This week, ISET’s Khacahpuri Index team checked whether average hourly wages in different Georgian locations cover the cost of one standard portion of Imeretian khachapuri. Using the cost of khachapuri ingredients in four major Georgian cities (Tbilisi, Telavi, Kutaisi and Batumi) and the latest available data for average monthly wages in the corresponding regions, we calculated that one hour of work would not always suffice to treat you to a portion of delicious Imeretian khachapuri. As we show below, one hour of work can buy you more than one Khachapuri portion in Tbilisi. If you happen to live in Georgia’s periphery, the same one hour of work will buy you only slightly more than half a portion, despite (somewhat) lower prices for khachapuri ingredients.

Based on February data from three open bazaars in Tbilisi, the average cost of cooking one standard portion of Imeretian khachapuri stood at GEL3.47. Someone opting for the convenience of shopping in one of Tbilisi’s major supermarket chains, such as Carrefour, Fresco, Spar or Goodwill, paid 4.40GEL (representing a premium of about 28%) for cooking exactly the same khachapuri. Modern retail outlets definitely offer many advantages for Georgia’s middle class shoppers: an excellent selection of products, air conditioned space, parking, etc. Yet, these advantages come at a cost.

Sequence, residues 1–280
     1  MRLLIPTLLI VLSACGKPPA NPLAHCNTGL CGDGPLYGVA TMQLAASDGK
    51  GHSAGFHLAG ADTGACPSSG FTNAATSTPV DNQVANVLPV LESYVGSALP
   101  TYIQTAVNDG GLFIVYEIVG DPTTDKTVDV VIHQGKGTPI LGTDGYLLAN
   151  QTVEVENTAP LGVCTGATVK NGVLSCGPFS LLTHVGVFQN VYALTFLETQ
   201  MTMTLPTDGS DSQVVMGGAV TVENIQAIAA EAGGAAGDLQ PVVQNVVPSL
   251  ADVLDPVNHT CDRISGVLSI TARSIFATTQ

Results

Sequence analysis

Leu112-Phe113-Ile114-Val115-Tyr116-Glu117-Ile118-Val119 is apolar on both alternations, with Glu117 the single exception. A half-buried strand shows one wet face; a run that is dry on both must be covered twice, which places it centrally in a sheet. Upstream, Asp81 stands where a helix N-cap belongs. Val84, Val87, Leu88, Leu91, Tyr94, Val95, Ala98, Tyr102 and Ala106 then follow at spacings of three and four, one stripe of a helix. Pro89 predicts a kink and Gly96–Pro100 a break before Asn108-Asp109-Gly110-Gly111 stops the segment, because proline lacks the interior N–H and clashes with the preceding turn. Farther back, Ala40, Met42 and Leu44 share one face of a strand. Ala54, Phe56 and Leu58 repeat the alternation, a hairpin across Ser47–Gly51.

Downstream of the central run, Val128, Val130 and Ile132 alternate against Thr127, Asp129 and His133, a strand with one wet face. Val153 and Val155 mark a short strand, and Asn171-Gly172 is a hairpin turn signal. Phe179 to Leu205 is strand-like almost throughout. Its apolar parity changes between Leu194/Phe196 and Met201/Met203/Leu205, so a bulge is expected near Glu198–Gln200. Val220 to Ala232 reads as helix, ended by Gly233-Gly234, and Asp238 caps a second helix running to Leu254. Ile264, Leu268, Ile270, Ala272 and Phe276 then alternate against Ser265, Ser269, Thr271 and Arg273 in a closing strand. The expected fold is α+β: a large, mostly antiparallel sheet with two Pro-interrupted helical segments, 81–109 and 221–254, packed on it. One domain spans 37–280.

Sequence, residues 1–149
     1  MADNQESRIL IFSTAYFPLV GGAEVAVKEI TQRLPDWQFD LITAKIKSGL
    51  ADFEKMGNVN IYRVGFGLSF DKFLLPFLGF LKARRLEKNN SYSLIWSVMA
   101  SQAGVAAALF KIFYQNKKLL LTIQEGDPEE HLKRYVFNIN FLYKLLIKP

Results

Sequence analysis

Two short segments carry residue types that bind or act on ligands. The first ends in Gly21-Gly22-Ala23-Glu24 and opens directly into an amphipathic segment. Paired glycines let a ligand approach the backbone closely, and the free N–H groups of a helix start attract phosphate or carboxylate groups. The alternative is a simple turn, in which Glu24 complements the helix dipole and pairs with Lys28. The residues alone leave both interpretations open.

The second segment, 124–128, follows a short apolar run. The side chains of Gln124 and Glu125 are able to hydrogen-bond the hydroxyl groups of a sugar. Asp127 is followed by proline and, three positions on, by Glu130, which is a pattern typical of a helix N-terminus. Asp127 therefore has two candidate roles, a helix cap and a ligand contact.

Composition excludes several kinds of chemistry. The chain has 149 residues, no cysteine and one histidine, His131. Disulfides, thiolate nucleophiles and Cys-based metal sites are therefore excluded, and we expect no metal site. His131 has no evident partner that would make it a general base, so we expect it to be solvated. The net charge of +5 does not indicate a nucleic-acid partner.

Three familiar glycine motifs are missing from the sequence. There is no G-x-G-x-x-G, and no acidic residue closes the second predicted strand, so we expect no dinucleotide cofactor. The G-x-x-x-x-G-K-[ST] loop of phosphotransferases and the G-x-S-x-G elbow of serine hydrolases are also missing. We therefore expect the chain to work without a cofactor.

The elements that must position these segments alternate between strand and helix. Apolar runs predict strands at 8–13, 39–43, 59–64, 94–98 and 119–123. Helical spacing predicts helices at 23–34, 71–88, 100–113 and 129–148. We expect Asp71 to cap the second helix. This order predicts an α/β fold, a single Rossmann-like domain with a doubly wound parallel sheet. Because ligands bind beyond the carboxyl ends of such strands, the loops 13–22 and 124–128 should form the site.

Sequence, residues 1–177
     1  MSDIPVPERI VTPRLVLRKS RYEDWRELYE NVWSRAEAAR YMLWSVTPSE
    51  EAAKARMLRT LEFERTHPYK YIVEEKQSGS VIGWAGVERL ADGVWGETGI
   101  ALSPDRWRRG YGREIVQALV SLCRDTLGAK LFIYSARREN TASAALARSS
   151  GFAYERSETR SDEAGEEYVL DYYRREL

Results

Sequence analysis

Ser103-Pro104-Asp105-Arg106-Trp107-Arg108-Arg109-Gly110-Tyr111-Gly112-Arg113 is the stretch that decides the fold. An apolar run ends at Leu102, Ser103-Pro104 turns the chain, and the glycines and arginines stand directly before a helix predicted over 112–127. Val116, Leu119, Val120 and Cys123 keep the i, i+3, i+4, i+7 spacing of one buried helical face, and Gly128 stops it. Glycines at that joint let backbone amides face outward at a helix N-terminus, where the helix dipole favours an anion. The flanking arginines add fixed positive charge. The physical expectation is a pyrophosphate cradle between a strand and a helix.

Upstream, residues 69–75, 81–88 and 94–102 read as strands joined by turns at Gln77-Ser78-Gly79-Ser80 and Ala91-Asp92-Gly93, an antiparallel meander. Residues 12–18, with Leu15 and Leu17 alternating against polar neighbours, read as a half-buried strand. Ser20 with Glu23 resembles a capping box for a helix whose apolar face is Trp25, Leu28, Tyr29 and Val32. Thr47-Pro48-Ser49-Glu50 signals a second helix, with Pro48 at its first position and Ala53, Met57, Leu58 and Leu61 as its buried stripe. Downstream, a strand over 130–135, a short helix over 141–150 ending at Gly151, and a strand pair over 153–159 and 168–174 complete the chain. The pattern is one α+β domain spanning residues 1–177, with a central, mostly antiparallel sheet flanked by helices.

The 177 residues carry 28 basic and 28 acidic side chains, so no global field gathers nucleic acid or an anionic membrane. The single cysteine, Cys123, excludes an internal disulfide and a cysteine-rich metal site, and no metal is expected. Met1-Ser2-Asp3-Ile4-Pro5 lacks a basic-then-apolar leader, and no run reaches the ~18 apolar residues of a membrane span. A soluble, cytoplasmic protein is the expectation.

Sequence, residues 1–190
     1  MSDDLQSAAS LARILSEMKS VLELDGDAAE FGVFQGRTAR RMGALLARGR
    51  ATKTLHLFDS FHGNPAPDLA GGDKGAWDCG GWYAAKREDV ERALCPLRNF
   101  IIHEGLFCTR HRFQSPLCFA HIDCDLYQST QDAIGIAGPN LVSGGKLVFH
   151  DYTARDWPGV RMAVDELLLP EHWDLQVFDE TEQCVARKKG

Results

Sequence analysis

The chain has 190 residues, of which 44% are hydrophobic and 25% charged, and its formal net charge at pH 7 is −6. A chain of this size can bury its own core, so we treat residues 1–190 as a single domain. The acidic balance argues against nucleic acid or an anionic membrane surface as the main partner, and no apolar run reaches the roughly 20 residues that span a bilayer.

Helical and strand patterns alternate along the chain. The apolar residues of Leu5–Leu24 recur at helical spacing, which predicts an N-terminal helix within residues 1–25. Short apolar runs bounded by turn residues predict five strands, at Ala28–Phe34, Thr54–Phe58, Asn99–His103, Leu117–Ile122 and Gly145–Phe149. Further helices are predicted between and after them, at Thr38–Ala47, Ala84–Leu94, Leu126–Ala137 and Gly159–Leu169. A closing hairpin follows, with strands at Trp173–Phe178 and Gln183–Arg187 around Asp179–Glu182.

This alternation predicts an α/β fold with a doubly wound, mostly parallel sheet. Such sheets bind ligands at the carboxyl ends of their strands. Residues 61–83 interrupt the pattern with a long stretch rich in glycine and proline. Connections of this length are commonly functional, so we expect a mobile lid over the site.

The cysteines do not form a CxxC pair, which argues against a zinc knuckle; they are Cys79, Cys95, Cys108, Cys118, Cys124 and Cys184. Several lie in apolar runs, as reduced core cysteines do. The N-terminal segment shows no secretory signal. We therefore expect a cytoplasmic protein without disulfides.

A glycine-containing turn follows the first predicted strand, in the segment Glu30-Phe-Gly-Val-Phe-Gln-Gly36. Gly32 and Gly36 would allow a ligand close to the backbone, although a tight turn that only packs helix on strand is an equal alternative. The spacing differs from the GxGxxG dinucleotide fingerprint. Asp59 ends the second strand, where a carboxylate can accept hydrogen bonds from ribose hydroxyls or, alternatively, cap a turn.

In February 2016, the average cost of cooking one standard Imeretian khachapuri declined to 3.44 GEL, which is 4.3% lower month-on-month (that is compared to January 2016), and 4.7% higher year-on-year (compared to February 2015).
The monthly (negative) change in the Index follows the traditional seasonal trend in fresh milk production, which gradually resumes in January and February. The annual increase, however, reflects an uptick in price inflation.

Practically all khachapuri ingredients (with the exception of flour, which dropped 1.6% y/y) went up in price compared to last year: cheese (up 4.9%), eggs (2.7%), milk (10%), butter (15%) and yeast (9.3%). These increases are very much in line with the official estimate of annual inflation by GeoStat, currently standing at 5.6%.

Established almost eight years ago, ISET Policy Institute’s Khachapuri Index was inspired by the famous Big Mac Index of The Economist. The Big Mac Index ranks countries on the cost – translated into US dollars – of the Big Mac hamburger sold at local McDonald's restaurants. We rank Georgia’s major cities on the cost of cooking one portion of Imeretian Khachapuri.
The whole point about the Big Mac Index is that McDonald’s hamburgers are exactly identical regardless of whether they are produced in Georgia, China or the US. They consist of exactly the same ingredients. Moreover, they are produced and sold by workers with roughly the same qualifications. Finally, McDonald’s restaurants use very similar buildings and identical equipment all over the world.

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